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Sometimes science is political

In “Science slowdown” (SN: 11/30/13, p. 14), Beth Mole reported on how the recent U.S. government shutdown affected science and on the long-term decline in federal research funding. In the same issue’s editor’s note, Eva Emerson expressed concern that efforts to foster scientific curiosity and talent among students will be wasted if there aren’t enough research career options open to brilliant and motivated young people.

Many readers shared our concern, sharing personal stories about the excitement of doing research in the decades after Sputnik, when the United States became a mecca for aspiring scientists from around the world. Others lamented a culture that rewards college football coaches with astronomical salaries while scientific superstars struggle to pay for their work.

But we’ve also received complaints recently that Science News is becoming too political. These readers argue that there’s a plethora of political coverage out there, but that our consistent coverage of pure research is what makes us special.

“I want news about science, research and discoveries. If I want political news and spin I have plenty of sources for that,” wrote Richie Crutcher, who warned us that we risked morphing into Political Science News.

Such comments always induce a round of soul-searching here: Have we strayed from our primary mission? On balance, we don’t think so. We run explicit science policy stories very rarely, and only when it seems that an issue is significant enough to affect the nature and pace of research. By that standard, a many-year downturn in federal research funding is worth exploring.

And looking back, this magazine actually has a long history of reporting on science in the political arena. Psychology and sociology stories in the 1960s explicitly discussed race and civil rights. Back in the 1920s, our then-parent-organization Science Service not only wrote about the debates around the teaching of evolution, it directly aided Clarence Darrow’s defense team in the Scopes trial by gathering scientists to testify and distributing articles defending evolution. Since then, controversies over genetic engineering, abortion, climate change and funding have all played out in our pages. If anything, the last few years have seen a decrease in our coverage of the intersection between politics and science.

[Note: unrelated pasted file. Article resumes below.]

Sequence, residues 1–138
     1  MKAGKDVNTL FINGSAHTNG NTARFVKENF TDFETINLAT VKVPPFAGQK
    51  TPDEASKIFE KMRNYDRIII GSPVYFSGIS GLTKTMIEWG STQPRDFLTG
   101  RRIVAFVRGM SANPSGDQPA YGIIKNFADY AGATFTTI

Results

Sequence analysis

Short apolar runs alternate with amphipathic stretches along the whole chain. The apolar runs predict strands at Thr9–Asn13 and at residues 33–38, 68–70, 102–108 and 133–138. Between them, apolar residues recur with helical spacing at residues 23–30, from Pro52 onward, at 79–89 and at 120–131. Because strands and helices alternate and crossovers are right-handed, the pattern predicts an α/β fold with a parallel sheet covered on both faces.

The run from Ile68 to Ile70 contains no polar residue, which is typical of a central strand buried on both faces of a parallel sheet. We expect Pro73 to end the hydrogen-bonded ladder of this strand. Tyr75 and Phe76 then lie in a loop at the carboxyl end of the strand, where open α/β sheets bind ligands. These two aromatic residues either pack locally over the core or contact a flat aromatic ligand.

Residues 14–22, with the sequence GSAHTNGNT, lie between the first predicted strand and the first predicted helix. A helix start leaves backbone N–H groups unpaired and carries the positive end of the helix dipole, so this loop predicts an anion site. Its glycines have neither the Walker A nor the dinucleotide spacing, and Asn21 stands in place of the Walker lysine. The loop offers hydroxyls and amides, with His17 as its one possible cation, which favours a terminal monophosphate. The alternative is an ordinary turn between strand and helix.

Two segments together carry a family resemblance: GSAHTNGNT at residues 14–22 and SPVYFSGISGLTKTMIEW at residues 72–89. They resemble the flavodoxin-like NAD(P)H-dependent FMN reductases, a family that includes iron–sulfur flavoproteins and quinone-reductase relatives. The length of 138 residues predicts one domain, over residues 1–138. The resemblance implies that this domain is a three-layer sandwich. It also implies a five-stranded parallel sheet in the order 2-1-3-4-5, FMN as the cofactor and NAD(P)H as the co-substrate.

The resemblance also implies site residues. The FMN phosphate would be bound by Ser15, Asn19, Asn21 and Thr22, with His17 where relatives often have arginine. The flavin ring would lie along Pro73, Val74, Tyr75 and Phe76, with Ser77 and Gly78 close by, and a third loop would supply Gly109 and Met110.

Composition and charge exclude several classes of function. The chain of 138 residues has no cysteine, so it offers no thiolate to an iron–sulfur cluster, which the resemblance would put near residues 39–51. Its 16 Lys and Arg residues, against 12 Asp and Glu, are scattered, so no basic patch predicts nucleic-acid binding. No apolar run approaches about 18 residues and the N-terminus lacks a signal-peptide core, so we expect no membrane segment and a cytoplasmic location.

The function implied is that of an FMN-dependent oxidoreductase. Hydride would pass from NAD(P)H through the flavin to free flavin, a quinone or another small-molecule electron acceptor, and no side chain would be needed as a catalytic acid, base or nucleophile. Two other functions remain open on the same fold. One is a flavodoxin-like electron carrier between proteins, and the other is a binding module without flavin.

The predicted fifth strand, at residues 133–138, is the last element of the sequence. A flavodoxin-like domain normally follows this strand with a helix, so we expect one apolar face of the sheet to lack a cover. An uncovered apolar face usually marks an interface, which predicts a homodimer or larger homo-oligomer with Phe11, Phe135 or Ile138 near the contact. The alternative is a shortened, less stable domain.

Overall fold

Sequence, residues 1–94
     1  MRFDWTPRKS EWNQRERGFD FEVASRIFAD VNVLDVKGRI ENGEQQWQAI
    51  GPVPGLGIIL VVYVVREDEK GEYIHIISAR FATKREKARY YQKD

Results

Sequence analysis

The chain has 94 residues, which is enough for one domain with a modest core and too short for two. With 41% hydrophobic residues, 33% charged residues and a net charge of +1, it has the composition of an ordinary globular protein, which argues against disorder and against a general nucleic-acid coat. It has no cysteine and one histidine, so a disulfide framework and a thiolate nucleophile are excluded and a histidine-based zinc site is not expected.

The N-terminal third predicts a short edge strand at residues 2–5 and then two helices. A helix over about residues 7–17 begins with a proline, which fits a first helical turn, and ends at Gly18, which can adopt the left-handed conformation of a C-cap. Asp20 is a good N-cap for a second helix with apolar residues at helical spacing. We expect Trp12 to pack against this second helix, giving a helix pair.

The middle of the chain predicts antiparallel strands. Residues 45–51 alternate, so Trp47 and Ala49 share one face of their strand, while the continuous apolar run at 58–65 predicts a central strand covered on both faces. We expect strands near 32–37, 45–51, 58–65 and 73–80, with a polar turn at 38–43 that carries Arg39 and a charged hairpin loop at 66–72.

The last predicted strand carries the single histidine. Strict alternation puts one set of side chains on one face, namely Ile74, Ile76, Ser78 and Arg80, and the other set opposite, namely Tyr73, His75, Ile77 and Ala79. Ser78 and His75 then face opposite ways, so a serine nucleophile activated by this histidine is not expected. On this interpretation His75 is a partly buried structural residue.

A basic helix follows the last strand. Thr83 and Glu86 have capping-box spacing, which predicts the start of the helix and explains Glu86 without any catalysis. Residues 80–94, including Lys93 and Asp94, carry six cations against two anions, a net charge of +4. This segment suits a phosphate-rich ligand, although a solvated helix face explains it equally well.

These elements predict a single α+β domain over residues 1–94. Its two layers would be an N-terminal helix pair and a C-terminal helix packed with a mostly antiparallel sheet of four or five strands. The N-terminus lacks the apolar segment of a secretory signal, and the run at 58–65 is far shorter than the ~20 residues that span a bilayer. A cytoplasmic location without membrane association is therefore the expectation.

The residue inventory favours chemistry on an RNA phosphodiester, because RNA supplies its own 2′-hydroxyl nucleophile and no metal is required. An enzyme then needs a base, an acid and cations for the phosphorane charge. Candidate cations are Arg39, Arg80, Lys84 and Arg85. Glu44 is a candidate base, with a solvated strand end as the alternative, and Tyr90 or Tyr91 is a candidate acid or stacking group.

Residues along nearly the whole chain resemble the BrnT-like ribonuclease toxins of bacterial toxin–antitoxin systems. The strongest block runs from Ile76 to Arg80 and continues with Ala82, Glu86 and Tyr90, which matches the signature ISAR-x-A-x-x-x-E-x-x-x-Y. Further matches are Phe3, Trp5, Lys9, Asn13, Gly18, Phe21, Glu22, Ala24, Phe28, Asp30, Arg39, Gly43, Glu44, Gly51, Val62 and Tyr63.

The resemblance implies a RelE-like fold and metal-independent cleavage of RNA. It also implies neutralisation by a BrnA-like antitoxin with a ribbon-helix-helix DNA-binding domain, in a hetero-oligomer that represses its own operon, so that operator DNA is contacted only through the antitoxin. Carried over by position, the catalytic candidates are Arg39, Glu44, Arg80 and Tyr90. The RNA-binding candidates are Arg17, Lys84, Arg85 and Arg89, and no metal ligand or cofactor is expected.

The editors of Science News will continue to focus on bringing you the latest research findings, but we will not shy away from the political dimensions of important science nor from examining how scientific discoveries shape society and are in turn shaped by it. That would not be in our tradition.

Brain washing

Tina Hesman Saey wrote about a new idea for sleep’s function in “Sleep allows brain to wash out junk” (SN: 11/16/13, p. 7).

Sleep — or the lack of it — is clearly an issue that many struggle with. “I’ve been interested in sleep deprivation for 40 years, since a week when I didn’t sleep for six days,” Nancy Sutter Axford e-mailed. “It took almost three weeks for my brain to return to normal.” If sleep is required to cleanse the brain, Axford wonders if insomniacs might tend to develop dementia at earlier ages than good sleepers. And Mark Pottenger asks whether the population as a whole may be affected: “Could increasing sleep deprivation in modern society be a causal
factor in increasing dementia?”

Saey responds: “Insomnia is a feature of Alzheimer’s disease, but whether it is a cause or consequence isn’t clear. A study in mice suggests that lack of sleep increases the rate of Alzheimer’s disease plaque formation (SN: 10/24/09, p. 11), and studies in people have hinted that sleep deprivation increases the risk of Alzheimer’s and other neurological disorders. But regardless of the neurological risk, there’s plenty of evidence that lack of sleep is detrimental to overall health (SN: 10/24/09, p. 28).” 

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